From allowing husbands to beat their wives and get away with it to prohibiting married women from certain jobs, here are nine discriminatory laws that have no place in today's world:
A man can beat his wife whenever he wants to discipline her
The Penal Code (applicable in the Northern (Muslim) states) Section 55. Correction of Child, Pupil, Servant or Wife states
Nothing is an offence which does not amount to the infliction of grievous hurt upon any persons which is done:
(a) by a parent or guardian for the purpose of correcting his child or ward ...
(b) by a schoolmaster for the purpose of correcting a child ...
(c) by a master for the purpose of correcting his servant or apprentice ...
(d) by a husband for the purpose of correcting his wife, such husband and wife being subject to any native law or custom in which such correction is recognized as lawful.
This encourages violence against women and enforces the belief that a woman is her husband’s property.
A wife has to have sex with her husband whenever he wants
In Nigeria, there is no such thing as marital rape. This means you are giving consent to all sexual activity within the marriage once you exchange wedding vows.
A lawyer we spoke to added that this "means that even if a couple have been separated for 15 years and the man forcibly has sex with the woman, it is considered consensual sex in the eyes of the law, based on the doctrine of implied consent."
This is because Section 6 of the Criminal Code defines ‘unlawful carnal knowledge’ as something that takes place outside of marriage.
A woman can not work at night
Section 55 of the Labour Act bars women from being employed in night work except as nurses or in management positions for those who are not engaged in manual labour.
Assaulting a woman is only punishable by two years
Section 360 of the Criminal Code makes the indecent assault of women a misdemeanour punishable with a two-year prison term.
The same crime is called a felony when it is done to a man and it is punishable by a three-year prison term according to section 353.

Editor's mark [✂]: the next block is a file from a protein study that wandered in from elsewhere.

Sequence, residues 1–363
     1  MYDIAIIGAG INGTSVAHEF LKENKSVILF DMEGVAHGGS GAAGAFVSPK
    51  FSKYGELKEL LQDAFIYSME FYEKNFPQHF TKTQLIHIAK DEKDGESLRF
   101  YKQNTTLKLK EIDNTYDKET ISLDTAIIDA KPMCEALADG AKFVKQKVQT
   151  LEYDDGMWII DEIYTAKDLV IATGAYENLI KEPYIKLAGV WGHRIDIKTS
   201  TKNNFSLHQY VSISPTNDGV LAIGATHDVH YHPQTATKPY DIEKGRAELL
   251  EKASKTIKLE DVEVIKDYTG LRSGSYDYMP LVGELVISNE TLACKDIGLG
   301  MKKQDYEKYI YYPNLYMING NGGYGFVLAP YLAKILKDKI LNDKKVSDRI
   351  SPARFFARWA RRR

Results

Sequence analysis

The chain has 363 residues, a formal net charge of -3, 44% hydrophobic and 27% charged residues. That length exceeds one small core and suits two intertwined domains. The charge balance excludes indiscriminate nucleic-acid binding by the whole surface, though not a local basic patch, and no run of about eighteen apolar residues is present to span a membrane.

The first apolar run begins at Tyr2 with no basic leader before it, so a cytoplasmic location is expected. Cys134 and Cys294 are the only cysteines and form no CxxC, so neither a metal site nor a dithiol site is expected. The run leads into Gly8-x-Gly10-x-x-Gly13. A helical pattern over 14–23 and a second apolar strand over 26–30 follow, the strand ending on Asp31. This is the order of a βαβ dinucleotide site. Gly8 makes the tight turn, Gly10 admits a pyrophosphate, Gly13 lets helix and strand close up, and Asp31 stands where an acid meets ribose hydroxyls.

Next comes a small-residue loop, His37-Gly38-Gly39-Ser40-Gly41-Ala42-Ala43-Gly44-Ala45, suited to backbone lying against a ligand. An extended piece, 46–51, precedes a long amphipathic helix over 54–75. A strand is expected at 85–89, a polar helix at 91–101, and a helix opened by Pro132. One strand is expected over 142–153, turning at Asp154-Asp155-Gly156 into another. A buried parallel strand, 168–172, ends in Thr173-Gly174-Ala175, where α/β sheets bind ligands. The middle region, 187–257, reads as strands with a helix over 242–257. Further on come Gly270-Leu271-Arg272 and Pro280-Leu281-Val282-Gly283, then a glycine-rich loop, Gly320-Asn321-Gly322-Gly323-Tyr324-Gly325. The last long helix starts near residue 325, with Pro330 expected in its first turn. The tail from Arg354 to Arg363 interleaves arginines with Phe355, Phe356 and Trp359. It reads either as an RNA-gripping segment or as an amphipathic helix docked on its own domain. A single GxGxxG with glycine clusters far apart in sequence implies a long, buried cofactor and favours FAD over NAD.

Getting pregnant as a single woman means instant discharge from the police force
Section 127 of the Police Act states that once an unmarried police woman is pregnant, she should be discharged from the police force.
She can only be reinstated on the approval of the Inspector General of police.
Being married stops you from joining the police force
By virtue of Section 127 of the Police Act, married women are prevented from seeking enlistment in the Nigerian Police Force.
Under Regulation 124 of the Police Act, a woman police officer who is interested in getting married must initially apply in writing to the commissioner of police for approval.
Women cannot legally transfer their Nigerian citizenship to their spouses
Section 26 of the constitution provides that the president may confer Nigerian citizenship on “any woman who is or who has been married to a citizen of Nigeria."
However, the president is not empowered to confer Nigerian citizenship on “any man who is or has been married to a citizen of Nigeria."
The law states that “the foreign spouse of a Nigerian woman can only acquire citizenship by naturalisation, which is a much longer process (at least 15 years).
A mother can only give consent if the father is dead or of unsound mind
By virtue of Section 18 of the Marriage Act the written consent of the father of either party to an intended marriage is required if he or she is under 21 years of age.
The mother can only give consent if the father is dead or of unsound mind or absent from Nigeria.
A married woman needs her husbands consent to get a passport
The Immigration Act requires that married women applying for Nigerian passports are required to submit the written consent of their husbands.
Apart from the few mentioned here, there are several discriminatory customary laws - ‘unwritten customs and traditions, which have been accepted as obligatory by members of a community’.
These customary practices/laws prevent women from owning land and inheriting her husband's estates in many parts of the country.
- the signing and ratification of the Convention on the Elimination of all Forms of Discrimination against Women (CEDAW)
- adoption of a National Gender Policy
- the enactment of the Child Rights Act 2003 (this law domesticated the Convention of the Rights of the Child in Nigeria)
- the enactment of the Trafficking in Persons (Prohibition) Law Enforcement and Administration Act 2003
- establishment of Women Development centres in all the states in Nigeria.
What happens when these laws no longer exist and Nigeria finally has gender equality?
According to the CFR Women and Foreign Policy Program’s new digital report, Growing Economies Through Gender Parity, Nigeria’s gross domestic product (GDP) could grow by 23 percent—or $229 billion—by 2025 if women participated in the economy to the same extent as men.
This report has been supported by the International Monetary Fund (IMF) which also stated that gender equality in Nigeria would result in higher productivity and greater economic stability.